Adware: These are pieces of software that display unwanted advertisements. Users may experience significant disturbance from them, and they may even secretly gather personal data.

Spyware: Some apps may contain spyware, which can monitor your activity on your device and steal sensitive information such as passwords, credit card numbers, and social security numbers.

Phishing: Phishing is a type of cyber-attack that involves deceiving people into giving their personal or financial information by posing as a trustworthy source. Cyber criminals commonly do this through email or text messages but also through third-party app stores. Once the user installs the malicious app, it will trick the user into inputting their login credentials. It might also surveil the device for sensitive data.

Stability issues

Apps from unknown sources may not have been built with the same level of care and attention to detail as those we install from official app stores. As a result, they may be more vulnerable to causing stability issues on your device.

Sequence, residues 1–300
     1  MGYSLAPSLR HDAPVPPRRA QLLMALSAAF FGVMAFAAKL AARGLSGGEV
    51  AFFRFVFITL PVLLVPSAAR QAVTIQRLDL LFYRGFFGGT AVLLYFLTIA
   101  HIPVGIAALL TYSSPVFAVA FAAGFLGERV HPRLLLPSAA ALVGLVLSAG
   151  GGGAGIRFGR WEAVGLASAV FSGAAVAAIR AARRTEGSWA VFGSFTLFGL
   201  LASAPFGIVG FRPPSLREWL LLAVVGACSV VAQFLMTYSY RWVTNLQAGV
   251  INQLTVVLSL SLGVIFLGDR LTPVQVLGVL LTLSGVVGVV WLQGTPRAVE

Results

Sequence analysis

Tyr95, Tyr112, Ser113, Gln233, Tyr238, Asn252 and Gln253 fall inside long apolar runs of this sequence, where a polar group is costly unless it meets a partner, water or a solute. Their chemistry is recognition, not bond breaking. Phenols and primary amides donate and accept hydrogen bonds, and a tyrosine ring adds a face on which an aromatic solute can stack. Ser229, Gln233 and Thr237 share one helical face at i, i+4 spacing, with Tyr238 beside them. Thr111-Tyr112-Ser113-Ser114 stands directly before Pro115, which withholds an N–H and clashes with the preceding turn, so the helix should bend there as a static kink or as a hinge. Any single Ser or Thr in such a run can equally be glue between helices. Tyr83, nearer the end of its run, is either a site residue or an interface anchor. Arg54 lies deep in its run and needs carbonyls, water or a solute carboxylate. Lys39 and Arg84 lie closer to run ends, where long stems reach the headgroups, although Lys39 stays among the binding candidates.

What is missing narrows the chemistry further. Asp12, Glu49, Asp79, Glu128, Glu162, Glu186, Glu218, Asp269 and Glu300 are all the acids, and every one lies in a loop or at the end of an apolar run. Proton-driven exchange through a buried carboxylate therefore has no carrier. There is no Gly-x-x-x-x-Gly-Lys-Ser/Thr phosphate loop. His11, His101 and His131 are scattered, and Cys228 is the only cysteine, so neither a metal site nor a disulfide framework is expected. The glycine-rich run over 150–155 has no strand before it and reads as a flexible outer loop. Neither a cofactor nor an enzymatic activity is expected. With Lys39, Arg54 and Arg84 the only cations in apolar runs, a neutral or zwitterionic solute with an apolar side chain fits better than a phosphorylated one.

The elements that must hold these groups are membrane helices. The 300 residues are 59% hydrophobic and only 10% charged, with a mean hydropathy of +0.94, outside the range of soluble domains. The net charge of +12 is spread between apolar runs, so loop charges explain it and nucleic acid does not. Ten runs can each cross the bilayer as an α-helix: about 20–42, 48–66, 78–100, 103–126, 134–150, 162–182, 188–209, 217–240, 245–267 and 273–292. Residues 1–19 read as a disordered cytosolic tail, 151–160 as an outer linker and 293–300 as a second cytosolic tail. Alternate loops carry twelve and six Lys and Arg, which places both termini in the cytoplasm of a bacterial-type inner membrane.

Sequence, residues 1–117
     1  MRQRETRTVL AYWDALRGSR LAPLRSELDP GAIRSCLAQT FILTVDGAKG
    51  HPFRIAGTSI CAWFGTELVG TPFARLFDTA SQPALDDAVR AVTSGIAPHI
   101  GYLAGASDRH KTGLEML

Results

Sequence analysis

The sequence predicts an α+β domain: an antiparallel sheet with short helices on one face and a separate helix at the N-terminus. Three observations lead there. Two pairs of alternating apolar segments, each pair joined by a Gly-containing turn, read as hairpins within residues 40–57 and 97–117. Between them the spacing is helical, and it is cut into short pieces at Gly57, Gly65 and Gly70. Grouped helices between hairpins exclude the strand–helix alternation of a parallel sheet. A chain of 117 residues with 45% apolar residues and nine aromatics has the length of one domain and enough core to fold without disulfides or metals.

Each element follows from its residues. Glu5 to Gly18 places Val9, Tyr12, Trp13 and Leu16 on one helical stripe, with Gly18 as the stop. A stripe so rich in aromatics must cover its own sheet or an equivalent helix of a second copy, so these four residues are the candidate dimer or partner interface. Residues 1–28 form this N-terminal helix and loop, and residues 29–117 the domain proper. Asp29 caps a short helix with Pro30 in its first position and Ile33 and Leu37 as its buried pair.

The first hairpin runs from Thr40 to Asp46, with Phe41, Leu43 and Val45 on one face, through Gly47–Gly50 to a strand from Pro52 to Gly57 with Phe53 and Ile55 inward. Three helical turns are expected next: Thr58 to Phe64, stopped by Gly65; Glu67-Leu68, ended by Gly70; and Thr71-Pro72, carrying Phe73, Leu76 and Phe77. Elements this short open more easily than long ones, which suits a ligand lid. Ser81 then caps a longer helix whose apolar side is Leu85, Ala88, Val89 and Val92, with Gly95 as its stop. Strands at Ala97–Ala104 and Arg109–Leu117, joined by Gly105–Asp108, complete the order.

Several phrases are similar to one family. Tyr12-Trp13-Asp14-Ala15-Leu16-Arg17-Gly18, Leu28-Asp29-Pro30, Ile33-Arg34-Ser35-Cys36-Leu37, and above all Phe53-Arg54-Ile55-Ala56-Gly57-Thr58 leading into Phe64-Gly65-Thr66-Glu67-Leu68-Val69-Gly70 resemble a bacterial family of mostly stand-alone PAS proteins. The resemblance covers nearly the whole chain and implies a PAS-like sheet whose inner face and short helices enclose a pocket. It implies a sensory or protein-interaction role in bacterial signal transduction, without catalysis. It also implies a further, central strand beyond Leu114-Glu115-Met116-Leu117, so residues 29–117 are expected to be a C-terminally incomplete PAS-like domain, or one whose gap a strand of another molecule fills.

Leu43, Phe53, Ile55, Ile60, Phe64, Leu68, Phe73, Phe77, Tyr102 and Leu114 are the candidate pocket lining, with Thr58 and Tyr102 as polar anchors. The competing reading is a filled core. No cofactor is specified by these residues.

Compatibility: These apps may not be designed to work with your specific device, operating system, or other apps and can cause the app to crash or not function properly.

Performance: Poorly coded or optimized apps can excessively use memory and battery or slow down your device.

Error and crashes: Apps published in unknown sources are more prone to having bugs or errors that can cause them to crash or stop functioning altogether.

Interfere with other apps: These apps might conflict with other apps that are running on your device, causing them to stop working correctly or stop responding.

Lack of Support: Versions of the app downloaded from unknown sources may not be supported by the developer, and you might face issues troubleshooting the app or getting help.

Legal issues

There is a high chance of facing legal consequences when using apps installed from sources that the governing agencies do not approve.

Copyright infringement: Some apps from unknown sources may be pirated copies of paid apps or contain copyrighted content without the holder’s permission. These may result in copyright violations.